Watch your mouth

So, I’m in a bit of a ‘complainy’ mood today.  Not the best way to start Lent, I know.  I’ve actually been getting lots of all those little things done this week, so I should feel better and productive.  Oh well, it will pass I’m sure.  Oh, and speaking of Lent.  No, I’m not Catholic, but I do try to do something, or more likely NOT do something each year to improve myself in some way.   I’ve found a doosy this year.  Watching my language.  So, I’m sorry but I won’t be able to say someone’s ‘favorite’ phrase for them until after Easter, and I’m pretty sure I should try cutting it out all together.   I’m not that bad, but words just sort of start creeping into your vocabulary and before you know it you are using them in what should be completely harmless and normal sentences and situations.  It’s only day one and I’ve already caught myself mindlessly using some less appealing words.   I know that the point of ‘giving something up’ is not really supposed to be used for things you should already NOT be doing, but for me I hope it is a catalyst that helps me think more about ALL of the things I say and how they affect how I think and how they affect those around me.  I haven’t come up with some sort of punishment for when I mess up, and I don’t think I should.  I just need to note the mistake, in what context it happened and then work to correct/change my response in that situation.  If I come up with some sort of punishment (like no coffee or something), then I’ll start bargaining and rationalizing with myself and that is SO not the point.

Kind of like we are supposed to be aware of everything we eat so that we don’t engage in ‘mindless’ eating, we should do our best to avoid ‘mindless’ talking.  At least that’s what I’m going to work on.  Does anyone have a good thesaurus site I can use? 😉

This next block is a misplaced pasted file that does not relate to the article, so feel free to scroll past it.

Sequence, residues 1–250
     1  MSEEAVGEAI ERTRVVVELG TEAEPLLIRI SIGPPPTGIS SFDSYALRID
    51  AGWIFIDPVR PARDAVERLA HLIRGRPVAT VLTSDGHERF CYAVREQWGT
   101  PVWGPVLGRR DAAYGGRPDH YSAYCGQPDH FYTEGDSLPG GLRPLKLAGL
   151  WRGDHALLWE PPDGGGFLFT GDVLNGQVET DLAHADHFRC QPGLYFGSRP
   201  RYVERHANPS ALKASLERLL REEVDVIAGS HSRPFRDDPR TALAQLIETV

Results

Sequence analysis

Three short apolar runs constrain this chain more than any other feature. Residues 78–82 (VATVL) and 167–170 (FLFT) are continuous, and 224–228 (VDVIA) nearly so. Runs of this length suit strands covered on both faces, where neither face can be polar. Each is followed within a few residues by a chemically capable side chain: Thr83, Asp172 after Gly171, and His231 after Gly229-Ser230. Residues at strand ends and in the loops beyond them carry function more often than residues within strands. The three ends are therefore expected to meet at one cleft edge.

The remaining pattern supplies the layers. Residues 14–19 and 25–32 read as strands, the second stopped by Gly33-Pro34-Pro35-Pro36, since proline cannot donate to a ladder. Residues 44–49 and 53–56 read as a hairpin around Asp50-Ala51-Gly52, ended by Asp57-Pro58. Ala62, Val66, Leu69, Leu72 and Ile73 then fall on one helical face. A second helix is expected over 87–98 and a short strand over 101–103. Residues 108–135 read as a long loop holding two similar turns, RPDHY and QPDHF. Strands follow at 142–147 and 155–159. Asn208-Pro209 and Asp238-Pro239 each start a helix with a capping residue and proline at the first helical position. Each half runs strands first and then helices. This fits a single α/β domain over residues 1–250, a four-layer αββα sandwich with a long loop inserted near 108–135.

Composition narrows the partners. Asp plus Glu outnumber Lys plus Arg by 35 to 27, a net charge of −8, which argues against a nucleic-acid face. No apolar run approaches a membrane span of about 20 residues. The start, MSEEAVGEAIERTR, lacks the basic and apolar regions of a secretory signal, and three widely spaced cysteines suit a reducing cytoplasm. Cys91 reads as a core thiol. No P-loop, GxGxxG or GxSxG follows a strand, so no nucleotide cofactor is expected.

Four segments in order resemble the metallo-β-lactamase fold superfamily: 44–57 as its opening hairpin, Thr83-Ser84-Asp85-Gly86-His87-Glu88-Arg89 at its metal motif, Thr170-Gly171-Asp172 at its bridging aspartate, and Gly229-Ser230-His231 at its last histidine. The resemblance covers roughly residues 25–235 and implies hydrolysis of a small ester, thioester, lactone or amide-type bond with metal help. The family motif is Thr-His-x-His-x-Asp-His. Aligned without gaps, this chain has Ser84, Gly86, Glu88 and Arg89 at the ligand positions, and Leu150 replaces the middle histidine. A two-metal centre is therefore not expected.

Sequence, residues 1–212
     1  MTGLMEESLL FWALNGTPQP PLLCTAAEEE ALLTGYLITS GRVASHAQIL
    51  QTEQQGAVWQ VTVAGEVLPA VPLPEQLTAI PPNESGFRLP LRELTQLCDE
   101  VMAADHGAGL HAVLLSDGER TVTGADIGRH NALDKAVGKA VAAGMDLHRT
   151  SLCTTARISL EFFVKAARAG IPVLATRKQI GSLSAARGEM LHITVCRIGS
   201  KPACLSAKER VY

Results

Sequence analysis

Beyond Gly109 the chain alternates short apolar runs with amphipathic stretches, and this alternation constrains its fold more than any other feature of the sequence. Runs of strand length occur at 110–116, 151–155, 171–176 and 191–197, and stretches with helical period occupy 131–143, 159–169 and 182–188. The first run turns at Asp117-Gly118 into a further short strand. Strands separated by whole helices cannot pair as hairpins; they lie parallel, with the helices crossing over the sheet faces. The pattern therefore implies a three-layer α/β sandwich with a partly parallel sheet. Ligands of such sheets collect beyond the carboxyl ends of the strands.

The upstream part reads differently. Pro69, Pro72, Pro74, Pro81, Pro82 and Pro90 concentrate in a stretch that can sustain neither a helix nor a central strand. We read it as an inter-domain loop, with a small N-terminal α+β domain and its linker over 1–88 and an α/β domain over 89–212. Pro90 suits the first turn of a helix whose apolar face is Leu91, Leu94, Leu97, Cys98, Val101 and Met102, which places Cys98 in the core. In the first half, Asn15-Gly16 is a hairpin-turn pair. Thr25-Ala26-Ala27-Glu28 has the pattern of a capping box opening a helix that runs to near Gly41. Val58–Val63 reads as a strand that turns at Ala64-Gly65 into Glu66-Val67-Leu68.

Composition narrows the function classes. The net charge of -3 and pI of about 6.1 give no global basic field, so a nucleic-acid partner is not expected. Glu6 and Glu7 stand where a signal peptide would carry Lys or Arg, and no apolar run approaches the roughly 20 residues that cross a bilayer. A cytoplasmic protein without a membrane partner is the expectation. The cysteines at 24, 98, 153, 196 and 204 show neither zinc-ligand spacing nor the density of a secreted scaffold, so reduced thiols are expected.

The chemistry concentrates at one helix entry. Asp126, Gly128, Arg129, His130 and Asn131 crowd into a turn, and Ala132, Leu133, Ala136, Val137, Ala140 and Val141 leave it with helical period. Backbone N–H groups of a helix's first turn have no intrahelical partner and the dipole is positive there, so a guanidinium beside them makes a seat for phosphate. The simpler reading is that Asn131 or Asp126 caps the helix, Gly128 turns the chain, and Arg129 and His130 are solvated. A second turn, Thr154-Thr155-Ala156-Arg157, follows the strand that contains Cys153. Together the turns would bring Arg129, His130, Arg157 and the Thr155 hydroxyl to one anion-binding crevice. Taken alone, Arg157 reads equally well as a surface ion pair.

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  • Bob R. Smith - I could speak on this all day. I’ll just leave pillow pants for now.

  • k - Oh, there is an entirely separate discussion about what words, if any, are “bad”. Oh I’ve had that discussion and there’s a lot to discuss. All I’m saying, is that for me, I would like to work on choosing my words with more forethought, whatever they are.
    But I’d love to discuss it with you and pillow pants sometime 😉

  • Mielinski - So you say that you are trying to cut these things out all together? make yourself a better “K”? so what happened with caffeine? didnt you give that up recently for lent? and i think i have seen you drinking sugary, highly caffeinated drinks since! FOR SHAME…FOR SHAME! see, you need to give up something good, but that is easier… me giving up getting pregnant! 🙂

  • pookie - Oh, I love debating profanity and its social uses and taboos. I found this description of the social uses of bad words in Steven Pinker’s book Language as a Window into Human Nature. His book breaks profanity down into five categories:
    1) Dysphemistic swearing – Exact opposite of euphemism… forces listener to think about negative thing…using the wrong euphemism has a dysphemistic effect. We sometimes need to be dysphemic.
    2) Abusive swearing – for abuse or intimidation or insulting of others
    3) Idiomatic swearing – swearing without really referring to the thing.. just using the words to arouse interest, to be macho/cool, and express to peers that the setting is informal.
    4) Emphatic swearing – to emphasize something with swearing.
    5) Cathartic swearing – when something bad happens like coffee spilling, people curse. One evolutionary theory of it is that its meant to tell the audience that you’re undergoing a negative emotion.
    (For more see

    How have you defined “bad”? It seems to me that you really want to cut out certain types of swearing such as idiomatic swearing and abusive swearing.

  • k - Oh, “pookie” what would I do without your insight. Good stuff. I will think about my definition of bad and get back to you on that.

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